I used to be all in on these kinds of romantic comedies, the stereotypical American high school inexplicably populated by twenty/thirty somethings that had the jock, the nerd, the cheerleader and the heroine. I’m not talking the crudity of American Pie, but the more palatable – and frankly, much better and more creative – Ten Things I Hate About You, Get Over It, Never Been Kissed, She’s All That or the parody Not Another Teen Movie. They were easy sells, easy makes and easy watches.
Long after such films have seen their apogee, Tall Girl aims to perhaps reinvent the canon, with a film that slots easily enough into the empty space. There’s the nominally “flawed” but likable heroine, the goofy male love interest, the bitchy rival, the token black friend, the embarrassing parents etc, etc. All the elements are here to make something that may temporarily transport you back to the days of the late 90s, when this sub-sub-genre was the King of the box office.
But Tall Girl reminds you of just why these films don’t really hold up all that well. Maybe you need a younger mindset to really buy into the slightly too-old actors, the lack of diversity or the intricate web of high school politics. Maybe it’s just the idea of a girl not being interested in a guy not being taken with the adequate seriousness that the world of 2019 demands. Maybe its the saccharine and homogenised attitude to sexuality (kissing is the goal of all teens here it seems, with an opening scene flirtation set to Janelle Monae’s “Make Me Feel” about as far as Tall Girl goes). Either way, Tall Girl just can’t connect with the audience the way it wants to.
Michelle is a fine actress and does her very best with what she is given. I’m sure the central issue of Tall Girl is a very real and distressing one for many young women, and in that sense the film does a good job of saying the right things about self-perception, self-esteem and rising above degradation. It does a good job at making clear that everyone at this stage in their life thinks they are the marginalised one, even if they really aren’t.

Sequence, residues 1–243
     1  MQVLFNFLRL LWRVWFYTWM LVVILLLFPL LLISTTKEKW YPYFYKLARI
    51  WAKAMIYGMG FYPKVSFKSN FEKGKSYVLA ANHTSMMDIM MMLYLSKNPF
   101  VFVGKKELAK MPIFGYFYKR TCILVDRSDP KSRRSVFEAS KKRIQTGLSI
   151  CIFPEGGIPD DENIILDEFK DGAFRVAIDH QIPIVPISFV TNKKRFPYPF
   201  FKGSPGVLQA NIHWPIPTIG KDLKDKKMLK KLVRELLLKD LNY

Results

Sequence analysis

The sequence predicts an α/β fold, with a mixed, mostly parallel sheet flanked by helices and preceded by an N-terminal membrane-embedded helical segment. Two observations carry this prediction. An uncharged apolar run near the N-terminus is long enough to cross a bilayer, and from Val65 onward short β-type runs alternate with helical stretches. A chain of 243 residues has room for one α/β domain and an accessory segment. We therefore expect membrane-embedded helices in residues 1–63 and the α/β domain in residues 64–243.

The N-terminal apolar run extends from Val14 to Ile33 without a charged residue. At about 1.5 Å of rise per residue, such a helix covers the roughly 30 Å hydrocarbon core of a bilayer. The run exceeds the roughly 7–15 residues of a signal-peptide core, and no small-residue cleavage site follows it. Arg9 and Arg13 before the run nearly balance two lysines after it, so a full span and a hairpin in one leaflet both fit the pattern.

But then there is the other side of things, namely that romance plot-line with Jack (Gluck might have a future in comedy as an aside, as his performance here as a put-upon sad sack is generally terrific). Jack is obsessed with Jodi, to the point of openly stating he’ll wait forever for her, even though she isn’t interested in him as anything other than a friend, something she has enunciated clearly, repeatedly. This, spoiler, changes through the course of Tall Girl, and the way that we get to the inevitable destination is a tad disturbing really, indicating that all a teenage girl really needs to gain an attraction to a guy is unerring persistence mixed with a bit of violence between rivals.
Perhaps I should try and be a little less harsh. Tall Girl has its funny moments – Steve Zahn as Jodi’s trying-to-hard-at-being-supportive father is probably the stand-out, as is her intense beauty queen sister Sabrina Carpenter – and is a serviceable bit of nostalgia-bait. But it just doesn’t land the way that you have expected. Perhaps there is no future in this genre anymore, and maybe film has moved on. Either way, Tall Girl wasn’t the one to reverse the trend. Not recommended.